Second, in another sense, I think Gaslit paints a clearer picture of Richard Nixon than any film to TV series has done. When David Milch was writing about how he made Deadwood, he knew that a critical character to it would be George Hearst, who made his life in gold. He said that to understand Hearst, he had to create an acolyte. So the season before Hearst made his first appearance, he created the character Francis Wolcott, a geologist and representative of his who murdered whores in his spare time.
Now consider what Gaslit shows us. We get very thorough portrayals of all of the acolytes in the Nixon administration. Some of them are devoted to the death, some of them have questions about their choices, but all of them are utterly devoted to the man at the top to the point that they will sacrifice their freedom for them. All of them are shown as morally and often cartoonishly corrupt to the point that they are willing to consider the most absurd plans imaginable to ensure a landslide for a President who has known for months he will be reelection. They are all willing to place blame on each other in order to protect their leader. These are the men who were Richard Nixon’s inner circle. I don’t think we need to know anything else about the man than that.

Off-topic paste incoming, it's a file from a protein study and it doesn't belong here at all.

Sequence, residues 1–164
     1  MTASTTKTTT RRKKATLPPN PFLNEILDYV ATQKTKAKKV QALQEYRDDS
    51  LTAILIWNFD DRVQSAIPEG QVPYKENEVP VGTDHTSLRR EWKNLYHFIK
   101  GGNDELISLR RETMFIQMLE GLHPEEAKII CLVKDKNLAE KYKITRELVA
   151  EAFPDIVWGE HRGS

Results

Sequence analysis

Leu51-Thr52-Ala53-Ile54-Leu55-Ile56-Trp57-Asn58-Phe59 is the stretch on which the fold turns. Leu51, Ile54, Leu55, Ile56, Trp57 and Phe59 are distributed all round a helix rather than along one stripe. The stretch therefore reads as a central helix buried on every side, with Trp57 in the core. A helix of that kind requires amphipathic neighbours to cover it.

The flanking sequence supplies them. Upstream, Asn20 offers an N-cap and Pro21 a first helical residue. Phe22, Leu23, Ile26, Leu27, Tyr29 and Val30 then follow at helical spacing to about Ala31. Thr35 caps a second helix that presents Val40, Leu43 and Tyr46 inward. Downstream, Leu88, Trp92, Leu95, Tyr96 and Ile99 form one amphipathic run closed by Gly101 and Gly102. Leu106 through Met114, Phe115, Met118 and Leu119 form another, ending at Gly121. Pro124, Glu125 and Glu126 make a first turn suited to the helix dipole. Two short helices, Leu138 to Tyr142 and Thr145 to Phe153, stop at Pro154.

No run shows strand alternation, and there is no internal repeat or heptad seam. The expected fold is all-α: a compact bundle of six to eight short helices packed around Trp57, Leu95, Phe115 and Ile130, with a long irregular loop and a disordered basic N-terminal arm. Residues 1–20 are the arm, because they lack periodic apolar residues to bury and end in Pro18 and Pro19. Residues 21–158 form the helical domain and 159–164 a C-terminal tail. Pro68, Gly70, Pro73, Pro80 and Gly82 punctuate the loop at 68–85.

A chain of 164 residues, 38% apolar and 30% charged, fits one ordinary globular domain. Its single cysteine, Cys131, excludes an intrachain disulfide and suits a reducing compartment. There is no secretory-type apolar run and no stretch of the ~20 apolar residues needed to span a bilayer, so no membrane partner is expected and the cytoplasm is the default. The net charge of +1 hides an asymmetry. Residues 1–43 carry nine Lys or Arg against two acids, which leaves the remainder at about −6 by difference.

At one point near the end of the series, most of the conspirators are in prison discussing whether Nixon will go to prison. Dean, angry for the first time in the show, looks at a billboard of him and berates him as an ‘old man I wouldn’t look at twice in the street” and that his colleagues view him as ‘some kind of demonic Svengali’. When he mentions that he got to ride in Air Force One, they are pathetically impressed with Dean for the first time in the series — most of them barely got into his inner orbit. That tells you what you need to know about All the President’s Men.